A letter

Molly Jones was at Tassajara and in the city with Suzuki. She' written a new (April, 2000) book called White Magic: Vibrational Medicine in Action which is in the bibliography with a review. 

Molly's cuke page

From Molly Jones 

I've written what I remember about Suzuki-roshi - I hope it may be useful. 

First of all he had the attributes of a great teacher - he was compassionate, fierce, humorous, intelligent, clear-minded, strong, dedicated to his students, and seated in realization based on practice. Physically he was so small but perfectly proportioned, his head was so beautifully shaped, clear-eyed, most often dressed formally in priest's robes. He was very attractive in a spiritual sense - I used to look at him and want to emulate him - he was an inspiration to practice. Also I felt him to be a true enunciate, very simple in how he lived, he lived right with his students and was a great example to us. 

The first time I had dokusan with him I had just turned 20. It was on the 2nd or 3rd day during my first sesshin. I sat across from him after bowing in the simple downstairs office of Sokoji. During the sesshin I was feeling a tremendous amount of fear rising up from my abdomen into my throat as I was sitting zazen. I said, "I feel fear." He raised an eyebrow and the told me the fear wouldn't last long. He asked me what practice I did when I felt fear. I said, "Count my breathing." "Very good," he said. 

After several more days of sweating blood in the zendo I plunged into the deepest samadhi I have ever experienced- right through the fear - a full descending samadhi, the real McCoy. I wasn't ready for this realization to be stable, however. Some months later I told him I felt lost. He said, "You are afraid of the emptiness from which you come. Don't be afraid." And also during a later sesshin when I confessed to him that I was manipulating myself in zazen to try to experience something greater, he said, "You shouldn't seek a so-called enlightenment experience."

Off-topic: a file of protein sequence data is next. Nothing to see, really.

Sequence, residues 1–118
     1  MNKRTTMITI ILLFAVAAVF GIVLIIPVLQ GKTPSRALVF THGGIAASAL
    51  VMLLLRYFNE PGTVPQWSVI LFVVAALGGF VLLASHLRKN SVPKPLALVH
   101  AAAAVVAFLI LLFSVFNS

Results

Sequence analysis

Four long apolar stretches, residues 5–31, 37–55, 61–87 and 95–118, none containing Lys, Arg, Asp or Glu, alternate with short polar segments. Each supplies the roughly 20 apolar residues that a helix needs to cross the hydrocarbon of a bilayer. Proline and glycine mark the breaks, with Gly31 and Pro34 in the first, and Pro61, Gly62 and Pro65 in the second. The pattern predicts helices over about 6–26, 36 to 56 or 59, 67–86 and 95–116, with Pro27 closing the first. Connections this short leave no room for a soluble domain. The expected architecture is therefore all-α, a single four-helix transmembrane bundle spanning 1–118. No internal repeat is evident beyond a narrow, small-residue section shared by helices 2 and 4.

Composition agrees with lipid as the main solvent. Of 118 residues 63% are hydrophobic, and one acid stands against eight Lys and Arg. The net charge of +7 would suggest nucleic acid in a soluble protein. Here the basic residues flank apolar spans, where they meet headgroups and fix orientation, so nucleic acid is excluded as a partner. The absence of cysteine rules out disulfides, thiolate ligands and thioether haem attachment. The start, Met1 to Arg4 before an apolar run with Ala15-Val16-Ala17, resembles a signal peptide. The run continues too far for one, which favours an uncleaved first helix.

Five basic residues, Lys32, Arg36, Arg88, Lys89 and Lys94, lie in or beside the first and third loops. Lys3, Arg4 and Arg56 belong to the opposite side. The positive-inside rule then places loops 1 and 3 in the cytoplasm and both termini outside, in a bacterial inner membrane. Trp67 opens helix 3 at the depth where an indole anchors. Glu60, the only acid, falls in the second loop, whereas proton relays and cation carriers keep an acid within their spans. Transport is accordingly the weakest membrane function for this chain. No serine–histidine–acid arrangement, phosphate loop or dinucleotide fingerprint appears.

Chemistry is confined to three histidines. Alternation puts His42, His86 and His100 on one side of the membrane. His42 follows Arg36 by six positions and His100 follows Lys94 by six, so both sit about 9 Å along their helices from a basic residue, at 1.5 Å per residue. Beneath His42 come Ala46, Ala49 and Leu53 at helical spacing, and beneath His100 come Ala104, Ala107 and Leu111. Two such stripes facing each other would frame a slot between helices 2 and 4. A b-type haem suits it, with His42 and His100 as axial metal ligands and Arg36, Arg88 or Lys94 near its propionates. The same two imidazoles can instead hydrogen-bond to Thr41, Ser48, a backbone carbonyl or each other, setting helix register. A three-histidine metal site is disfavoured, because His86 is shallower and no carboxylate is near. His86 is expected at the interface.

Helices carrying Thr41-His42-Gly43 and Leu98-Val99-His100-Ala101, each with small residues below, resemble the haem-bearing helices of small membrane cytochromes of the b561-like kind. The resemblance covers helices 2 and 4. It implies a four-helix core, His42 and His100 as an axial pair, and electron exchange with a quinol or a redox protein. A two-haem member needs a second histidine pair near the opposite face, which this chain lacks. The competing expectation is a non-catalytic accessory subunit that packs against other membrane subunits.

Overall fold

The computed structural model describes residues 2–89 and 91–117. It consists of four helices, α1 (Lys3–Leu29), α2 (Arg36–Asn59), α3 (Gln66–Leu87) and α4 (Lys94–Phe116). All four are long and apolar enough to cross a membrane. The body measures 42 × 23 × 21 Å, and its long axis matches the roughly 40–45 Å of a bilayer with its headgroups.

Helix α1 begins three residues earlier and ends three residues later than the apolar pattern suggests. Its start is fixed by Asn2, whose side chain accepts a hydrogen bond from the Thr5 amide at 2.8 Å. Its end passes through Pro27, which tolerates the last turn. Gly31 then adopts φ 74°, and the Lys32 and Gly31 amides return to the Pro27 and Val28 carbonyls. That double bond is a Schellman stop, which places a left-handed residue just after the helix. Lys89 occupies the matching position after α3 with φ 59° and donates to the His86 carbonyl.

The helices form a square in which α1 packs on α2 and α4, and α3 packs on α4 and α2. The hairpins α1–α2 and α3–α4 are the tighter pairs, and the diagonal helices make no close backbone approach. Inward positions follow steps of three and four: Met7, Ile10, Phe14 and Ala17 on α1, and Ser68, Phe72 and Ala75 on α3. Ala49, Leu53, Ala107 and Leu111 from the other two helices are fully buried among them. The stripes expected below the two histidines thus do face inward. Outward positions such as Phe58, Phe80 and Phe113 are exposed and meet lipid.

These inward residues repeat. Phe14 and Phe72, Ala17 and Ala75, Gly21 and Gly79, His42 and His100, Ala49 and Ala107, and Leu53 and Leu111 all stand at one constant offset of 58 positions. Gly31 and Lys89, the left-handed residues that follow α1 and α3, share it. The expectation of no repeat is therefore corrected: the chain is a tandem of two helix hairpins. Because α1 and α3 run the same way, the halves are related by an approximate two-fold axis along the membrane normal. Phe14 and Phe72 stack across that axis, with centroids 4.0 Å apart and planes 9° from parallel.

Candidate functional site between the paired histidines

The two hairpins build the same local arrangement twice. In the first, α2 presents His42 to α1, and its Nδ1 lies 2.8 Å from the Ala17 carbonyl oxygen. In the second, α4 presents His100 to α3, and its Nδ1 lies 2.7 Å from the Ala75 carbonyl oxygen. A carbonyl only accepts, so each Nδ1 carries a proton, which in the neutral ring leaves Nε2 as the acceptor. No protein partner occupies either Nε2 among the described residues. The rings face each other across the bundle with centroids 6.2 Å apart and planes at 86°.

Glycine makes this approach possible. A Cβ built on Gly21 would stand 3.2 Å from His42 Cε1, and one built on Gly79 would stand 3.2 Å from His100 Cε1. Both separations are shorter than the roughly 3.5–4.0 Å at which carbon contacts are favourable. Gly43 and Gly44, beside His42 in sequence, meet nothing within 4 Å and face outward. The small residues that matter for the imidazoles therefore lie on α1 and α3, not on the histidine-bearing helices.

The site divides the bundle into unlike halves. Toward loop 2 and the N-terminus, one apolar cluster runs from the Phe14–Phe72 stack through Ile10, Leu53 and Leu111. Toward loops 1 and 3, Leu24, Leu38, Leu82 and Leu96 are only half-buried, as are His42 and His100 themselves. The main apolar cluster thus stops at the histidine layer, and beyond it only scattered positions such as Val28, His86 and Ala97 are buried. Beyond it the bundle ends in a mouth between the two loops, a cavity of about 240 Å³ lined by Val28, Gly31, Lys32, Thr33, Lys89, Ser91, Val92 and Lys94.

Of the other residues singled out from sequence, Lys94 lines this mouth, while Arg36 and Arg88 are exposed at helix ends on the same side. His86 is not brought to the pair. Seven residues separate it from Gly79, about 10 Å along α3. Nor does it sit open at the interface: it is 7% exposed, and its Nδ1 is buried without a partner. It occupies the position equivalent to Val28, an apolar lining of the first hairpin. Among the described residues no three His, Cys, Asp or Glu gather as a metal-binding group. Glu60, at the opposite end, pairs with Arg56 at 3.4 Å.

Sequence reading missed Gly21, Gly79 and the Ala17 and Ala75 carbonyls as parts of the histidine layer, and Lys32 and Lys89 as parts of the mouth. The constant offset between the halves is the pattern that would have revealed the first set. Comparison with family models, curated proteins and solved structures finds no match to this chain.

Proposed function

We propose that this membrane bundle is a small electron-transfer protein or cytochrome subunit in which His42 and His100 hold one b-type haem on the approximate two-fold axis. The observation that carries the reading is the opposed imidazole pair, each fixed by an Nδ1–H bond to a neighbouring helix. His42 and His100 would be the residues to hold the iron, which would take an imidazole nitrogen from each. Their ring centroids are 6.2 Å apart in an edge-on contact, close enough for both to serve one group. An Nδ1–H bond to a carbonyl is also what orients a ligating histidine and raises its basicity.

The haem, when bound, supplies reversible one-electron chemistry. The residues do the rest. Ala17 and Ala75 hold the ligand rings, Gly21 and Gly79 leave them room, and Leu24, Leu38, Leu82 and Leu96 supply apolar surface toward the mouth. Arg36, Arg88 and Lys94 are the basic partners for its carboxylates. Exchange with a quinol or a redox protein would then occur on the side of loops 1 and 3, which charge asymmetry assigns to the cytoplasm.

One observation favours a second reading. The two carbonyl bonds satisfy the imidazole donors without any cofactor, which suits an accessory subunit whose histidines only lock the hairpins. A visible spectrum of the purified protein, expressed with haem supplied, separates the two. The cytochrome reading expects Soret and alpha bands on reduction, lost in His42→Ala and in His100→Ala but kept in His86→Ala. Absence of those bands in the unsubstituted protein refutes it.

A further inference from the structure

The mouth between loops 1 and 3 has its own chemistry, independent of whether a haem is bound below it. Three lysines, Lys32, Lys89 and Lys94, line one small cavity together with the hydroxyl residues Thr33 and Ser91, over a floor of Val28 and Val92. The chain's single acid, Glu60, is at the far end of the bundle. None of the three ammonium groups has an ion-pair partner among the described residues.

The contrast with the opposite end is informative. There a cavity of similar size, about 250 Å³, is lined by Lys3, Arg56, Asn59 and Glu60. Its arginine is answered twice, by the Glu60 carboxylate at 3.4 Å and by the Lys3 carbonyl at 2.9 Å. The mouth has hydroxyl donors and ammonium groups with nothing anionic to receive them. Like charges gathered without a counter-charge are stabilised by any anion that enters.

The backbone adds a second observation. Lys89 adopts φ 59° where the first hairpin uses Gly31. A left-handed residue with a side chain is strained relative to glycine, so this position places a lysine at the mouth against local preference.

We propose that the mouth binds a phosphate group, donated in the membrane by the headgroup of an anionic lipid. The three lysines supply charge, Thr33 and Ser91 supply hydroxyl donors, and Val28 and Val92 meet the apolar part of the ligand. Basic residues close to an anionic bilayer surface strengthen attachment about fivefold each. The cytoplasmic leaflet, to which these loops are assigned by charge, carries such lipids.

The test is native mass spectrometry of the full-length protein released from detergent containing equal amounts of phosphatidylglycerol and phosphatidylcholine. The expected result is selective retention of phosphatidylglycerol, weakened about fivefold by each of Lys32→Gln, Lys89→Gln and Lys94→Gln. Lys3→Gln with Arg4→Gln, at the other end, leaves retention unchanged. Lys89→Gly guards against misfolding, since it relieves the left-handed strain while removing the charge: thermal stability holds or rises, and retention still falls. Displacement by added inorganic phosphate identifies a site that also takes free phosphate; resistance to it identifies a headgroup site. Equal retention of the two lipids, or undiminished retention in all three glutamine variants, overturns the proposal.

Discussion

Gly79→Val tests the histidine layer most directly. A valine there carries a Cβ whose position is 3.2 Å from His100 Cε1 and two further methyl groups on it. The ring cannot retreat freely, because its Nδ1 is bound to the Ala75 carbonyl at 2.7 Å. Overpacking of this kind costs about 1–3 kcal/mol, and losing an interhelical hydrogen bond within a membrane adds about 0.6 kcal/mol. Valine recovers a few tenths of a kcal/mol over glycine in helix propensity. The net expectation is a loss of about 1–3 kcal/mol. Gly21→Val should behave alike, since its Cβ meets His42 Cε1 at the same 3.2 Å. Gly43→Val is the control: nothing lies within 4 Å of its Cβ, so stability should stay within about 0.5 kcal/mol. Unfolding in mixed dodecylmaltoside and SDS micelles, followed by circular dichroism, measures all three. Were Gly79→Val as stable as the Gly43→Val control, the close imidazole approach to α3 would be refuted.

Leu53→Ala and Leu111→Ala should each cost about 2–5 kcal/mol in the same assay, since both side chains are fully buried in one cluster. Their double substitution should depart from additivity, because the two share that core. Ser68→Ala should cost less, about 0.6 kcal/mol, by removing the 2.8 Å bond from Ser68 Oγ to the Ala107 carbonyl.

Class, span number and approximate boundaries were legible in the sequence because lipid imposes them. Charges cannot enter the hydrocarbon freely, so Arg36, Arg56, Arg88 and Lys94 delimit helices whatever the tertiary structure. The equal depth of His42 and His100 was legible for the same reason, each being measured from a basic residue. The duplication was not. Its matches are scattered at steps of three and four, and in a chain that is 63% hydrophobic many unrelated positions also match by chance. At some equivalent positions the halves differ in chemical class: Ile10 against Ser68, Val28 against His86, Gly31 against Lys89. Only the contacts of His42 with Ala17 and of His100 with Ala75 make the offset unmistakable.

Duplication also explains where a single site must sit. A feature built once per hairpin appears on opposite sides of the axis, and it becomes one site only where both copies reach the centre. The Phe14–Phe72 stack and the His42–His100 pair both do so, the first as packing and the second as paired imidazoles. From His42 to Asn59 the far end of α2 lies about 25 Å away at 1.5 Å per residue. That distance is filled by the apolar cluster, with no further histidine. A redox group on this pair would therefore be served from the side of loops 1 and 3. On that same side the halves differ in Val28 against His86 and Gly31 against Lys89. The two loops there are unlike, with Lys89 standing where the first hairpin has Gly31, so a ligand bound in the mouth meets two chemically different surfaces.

When my mother was killed, Yvonne sent me over to meet with Roshi in the kitchen at Sokoji. He made me tea. I think I was in shock, but even so I was most curious about him at such close quarters. He was very simple and compassionate - he looked at a picture of my mother and gave me some advice about the trip to get her body. Several months later he expressed such concern about what had happened. He said to me directly, "What a terrible thing." 

Another time at Tassajara he arrived and greeted everyone who had gathered to see him. At that time he walked right up to me and took both my hands and said, hello. These human gestures he made toward me really affected me. 

I also remember with some embarrassment some of the adolescent, immature things we (I) did around him. I think he must have had some trouble with the young, relatively immature Americans he found were his students. 

The last time I saw Roshi was at the Mountain Seat Ceremony. He was really sick. It was hard to see him that way. He was so yellow, the ceremony was too long, his robes looked too heavy for him. When he got up and walked out to leave, he planted that staff and shook the rings on it - looking at everyone on both sides. It was an enormously powerful last gesture which I have never forgotten. I still hold him such high regard.